Lafleur is the all-time leading scorer in Canadiens history, notching 1,246 points (518 goals and 728 assists) in his 14 years with the Habs. He led the NHL in points in 1976, 1977, and 1978. He tied for a Montreal club record with Steve Shutt for goals in a season with 60 in 1977–78 and holds the franchise record for points in a season with 136 in 1976–77. Lafleur became the first player in NHL history to score at least 50 goals and 100 points in six consecutive seasons as a Hab. Lafleur was also the fastest player (at the time) to reach 1,000 points, doing so in only 720 games. That record has since been broken by Wayne Gretzky, Mario Lemieux and a few others.
He won three Art Ross Trophies (1976, 1977, 1978), two Hart Memorial Trophies (1977, 1978), three Lester B. Pearson Awards (1976, 1977, 1978), and one Conn Smythe Trophy (1977). He was a member of the Canadian team in the 1976 and 1981 Canada Cup tournaments, winning the Cup in 1976, and was the recipient of the Lou Marsh Trophy in 1977.
With Lafleur and fellow French-Canadian Marcel Dionne among the top prospects in the 1971 NHL Amateur Draft, the Habs' general manager, Sam Pollock, was keen to find a way to trade to obtain one of the top two picks. He persuaded California Golden Seals owner Charlie Finley to trade the Seals' 1971 first-round pick and François Lacombe in return for Montreal's 1970 first-round pick and veteran Ernie Hicke. Unrelated to the draft of that year was the trading of Ralph Backstrom to the Los Angeles Kings, often credited as helping the Kings stay out of last place; however, at the time of the trade the Kings were ahead of the Seals, Red Wings, Sabres, and Canucks, and the deal had no effect on the Kings' standings that year. Oakland finished last, leaving Montreal with the first overall pick. Pollock hesitated between Lafleur and Dionne, but chose Lafleur with the first draft choice.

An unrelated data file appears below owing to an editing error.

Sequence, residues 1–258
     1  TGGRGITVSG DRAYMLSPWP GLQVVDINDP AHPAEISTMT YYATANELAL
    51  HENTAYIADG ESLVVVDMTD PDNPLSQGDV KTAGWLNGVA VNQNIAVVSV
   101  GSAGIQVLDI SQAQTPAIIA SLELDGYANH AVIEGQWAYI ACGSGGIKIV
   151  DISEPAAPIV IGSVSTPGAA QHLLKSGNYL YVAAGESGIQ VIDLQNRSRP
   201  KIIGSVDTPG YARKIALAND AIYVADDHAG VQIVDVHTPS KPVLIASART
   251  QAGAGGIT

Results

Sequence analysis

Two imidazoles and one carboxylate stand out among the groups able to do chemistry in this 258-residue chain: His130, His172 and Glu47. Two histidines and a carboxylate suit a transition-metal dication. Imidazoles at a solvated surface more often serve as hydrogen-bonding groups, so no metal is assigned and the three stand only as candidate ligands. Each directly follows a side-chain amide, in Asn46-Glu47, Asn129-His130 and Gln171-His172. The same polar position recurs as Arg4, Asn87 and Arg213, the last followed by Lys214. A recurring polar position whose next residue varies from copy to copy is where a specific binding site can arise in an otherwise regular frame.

Lafleur started playing hockey at the age of five after receiving his first hockey stick as a Christmas present. As a youth, he played at the Quebec International Pee-Wee Hockey Tournament three consecutive years from 1962 to 1964, and scored a tournament record of 64 points. In his teens, Lafleur gained considerable recognition for his play as a member of the Quebec Remparts of the Quebec Major Junior Hockey League, where he led his team to the Memorial Cup in 1971, scoring 130 regular season goals. At the time, Lafleur idolized Jean Béliveau and Bobby Orr.
Guy Damien Lafleur, OC CQ (born September 20, 1951), nicknamed "The Flower" and "Le Démon Blond", is a Canadian former professional ice hockey player. He was the first player in National Hockey League (NHL) history to score 50 goals and 100 points in six consecutive seasons. Between 1971 and 1991, Lafleur played for the Montreal Canadiens, New York Rangers and Quebec Nordiques in an NHL career spanning 17 seasons, and five Stanley Cup championships (all with the Canadiens). In 2017 Lafleur was named one of the '100 Greatest NHL Players' in history.